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Science Stories Untold

Science Stories Untold
SCIENCE STORIES UNTOLD:  Lexington author Rick Beyer  attributes his lifelong interest in science and history to his father, the late Robert T. Beyer, a physicist who loved reading about the Civil War. Beyer combines these passions in his latest book, "The Greatest Science Stories Never Told: 100 Tales of Invention and Discovery to Astonish, Bewilder, and Stupefy.''

The fourth in Beyer's "Greatest Stories Never Told'' series, published by Harper Collins, the new book includes such tales as the origin of Teflon, Velcro, and the bobby pin; the refrigerator invented without toxic ammonia by a concerned Albert Einstein; the push-button phone developed by undertaker Almon Brown Strowger, who suspected a local switchboard operator of diverting business to a competitor; the work of William Marston, who invented both the lie detector and Wonder Woman; and how Charles Darwin was nearly prevented from embarking on the five-year voyage that led to his theory of evolution when the ship's captain objected to his large nose.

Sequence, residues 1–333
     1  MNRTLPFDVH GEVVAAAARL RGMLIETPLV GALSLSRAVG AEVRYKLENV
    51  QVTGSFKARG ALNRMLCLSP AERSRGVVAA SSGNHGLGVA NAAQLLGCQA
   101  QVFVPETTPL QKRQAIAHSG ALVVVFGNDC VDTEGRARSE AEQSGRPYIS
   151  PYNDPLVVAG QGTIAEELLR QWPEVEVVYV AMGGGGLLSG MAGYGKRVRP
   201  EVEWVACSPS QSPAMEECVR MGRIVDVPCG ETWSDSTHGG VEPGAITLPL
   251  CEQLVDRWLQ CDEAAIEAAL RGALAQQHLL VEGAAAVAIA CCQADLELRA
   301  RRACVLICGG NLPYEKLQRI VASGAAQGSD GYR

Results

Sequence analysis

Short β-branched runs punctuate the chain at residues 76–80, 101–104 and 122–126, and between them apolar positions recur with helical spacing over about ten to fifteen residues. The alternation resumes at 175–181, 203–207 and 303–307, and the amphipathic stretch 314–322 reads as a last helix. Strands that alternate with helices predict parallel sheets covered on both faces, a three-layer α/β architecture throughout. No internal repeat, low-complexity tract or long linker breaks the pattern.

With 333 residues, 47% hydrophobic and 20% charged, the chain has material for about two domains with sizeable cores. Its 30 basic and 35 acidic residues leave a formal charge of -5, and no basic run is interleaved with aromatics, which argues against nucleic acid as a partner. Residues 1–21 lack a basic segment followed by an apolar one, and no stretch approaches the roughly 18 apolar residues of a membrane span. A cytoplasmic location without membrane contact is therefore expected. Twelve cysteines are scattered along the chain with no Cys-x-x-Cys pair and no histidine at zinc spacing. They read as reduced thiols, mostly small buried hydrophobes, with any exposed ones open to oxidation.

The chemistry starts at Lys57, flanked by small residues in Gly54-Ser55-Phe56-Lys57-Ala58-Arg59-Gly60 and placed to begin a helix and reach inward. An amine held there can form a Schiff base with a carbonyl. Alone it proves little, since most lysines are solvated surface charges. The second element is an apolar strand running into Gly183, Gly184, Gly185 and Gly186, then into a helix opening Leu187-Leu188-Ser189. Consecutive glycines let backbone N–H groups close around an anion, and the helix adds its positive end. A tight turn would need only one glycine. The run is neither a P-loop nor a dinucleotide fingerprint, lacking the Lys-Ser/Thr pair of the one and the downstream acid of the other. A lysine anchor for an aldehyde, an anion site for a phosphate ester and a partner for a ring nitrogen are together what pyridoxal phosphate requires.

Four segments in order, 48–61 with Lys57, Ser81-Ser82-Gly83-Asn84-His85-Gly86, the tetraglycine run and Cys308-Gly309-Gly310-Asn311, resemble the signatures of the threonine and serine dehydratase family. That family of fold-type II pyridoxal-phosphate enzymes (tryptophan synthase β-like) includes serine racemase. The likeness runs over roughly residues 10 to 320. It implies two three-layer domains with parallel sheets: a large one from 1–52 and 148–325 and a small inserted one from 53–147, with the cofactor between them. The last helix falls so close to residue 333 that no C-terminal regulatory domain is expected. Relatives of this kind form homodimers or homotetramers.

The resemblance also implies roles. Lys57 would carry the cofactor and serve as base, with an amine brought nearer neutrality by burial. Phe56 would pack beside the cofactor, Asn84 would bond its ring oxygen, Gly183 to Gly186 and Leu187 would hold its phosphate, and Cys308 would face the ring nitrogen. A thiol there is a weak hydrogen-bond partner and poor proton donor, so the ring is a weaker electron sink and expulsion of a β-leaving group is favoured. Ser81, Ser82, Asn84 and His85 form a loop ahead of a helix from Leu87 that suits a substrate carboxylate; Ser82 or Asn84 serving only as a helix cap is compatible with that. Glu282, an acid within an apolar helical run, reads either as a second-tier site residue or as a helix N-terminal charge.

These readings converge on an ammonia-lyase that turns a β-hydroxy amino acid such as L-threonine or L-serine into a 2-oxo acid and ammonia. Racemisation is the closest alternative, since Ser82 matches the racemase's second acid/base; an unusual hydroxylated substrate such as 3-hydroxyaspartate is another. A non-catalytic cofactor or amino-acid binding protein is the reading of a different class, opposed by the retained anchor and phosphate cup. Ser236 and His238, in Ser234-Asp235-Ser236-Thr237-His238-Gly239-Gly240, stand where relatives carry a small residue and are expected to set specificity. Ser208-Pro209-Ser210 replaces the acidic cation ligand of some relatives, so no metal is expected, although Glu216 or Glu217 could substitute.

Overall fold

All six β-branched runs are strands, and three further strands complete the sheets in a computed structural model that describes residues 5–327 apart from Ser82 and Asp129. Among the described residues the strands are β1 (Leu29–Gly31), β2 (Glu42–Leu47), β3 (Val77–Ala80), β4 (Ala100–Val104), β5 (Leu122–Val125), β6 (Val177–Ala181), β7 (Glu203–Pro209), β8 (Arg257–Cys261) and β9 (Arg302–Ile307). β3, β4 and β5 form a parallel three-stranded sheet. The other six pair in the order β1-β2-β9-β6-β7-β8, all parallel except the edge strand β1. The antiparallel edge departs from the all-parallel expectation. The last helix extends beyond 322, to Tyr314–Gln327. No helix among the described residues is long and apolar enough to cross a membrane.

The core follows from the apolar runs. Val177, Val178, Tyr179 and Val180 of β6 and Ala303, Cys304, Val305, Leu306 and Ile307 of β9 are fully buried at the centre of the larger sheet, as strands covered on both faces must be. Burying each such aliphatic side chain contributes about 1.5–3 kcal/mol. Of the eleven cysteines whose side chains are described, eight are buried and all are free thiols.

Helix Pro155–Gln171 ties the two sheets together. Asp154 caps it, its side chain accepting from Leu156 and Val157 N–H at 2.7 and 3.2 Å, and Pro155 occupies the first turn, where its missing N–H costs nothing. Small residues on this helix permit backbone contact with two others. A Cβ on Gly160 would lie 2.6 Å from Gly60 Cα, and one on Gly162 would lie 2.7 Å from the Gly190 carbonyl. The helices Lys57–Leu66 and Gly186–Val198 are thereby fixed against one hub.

"I love all of the eureka moments and stories of accidental discoveries,'' said Beyer, who is also an award-winning documentary producer, adding that he hopes readers "will take away the idea that history and science are fun.''

Beyer can be heard discussing his book tonight on the "Jordan Rich Show,'' airing at 11 p.m. on WBZ-AM 1030. For more information, go to

by Cindy Cantrell, Boston Globe "GlobeWest"